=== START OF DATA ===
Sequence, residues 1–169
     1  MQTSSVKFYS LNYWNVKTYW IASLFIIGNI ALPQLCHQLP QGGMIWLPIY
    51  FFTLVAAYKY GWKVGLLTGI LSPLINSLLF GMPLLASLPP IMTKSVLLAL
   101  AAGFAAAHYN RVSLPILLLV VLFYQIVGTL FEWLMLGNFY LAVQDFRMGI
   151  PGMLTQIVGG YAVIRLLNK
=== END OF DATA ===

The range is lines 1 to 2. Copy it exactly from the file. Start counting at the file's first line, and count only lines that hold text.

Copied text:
Sequence, residues 1–169
     1  MQTSSVKFYS LNYWNVKTYW IASLFIIGNI ALPQLCHQLP QGGMIWLPIY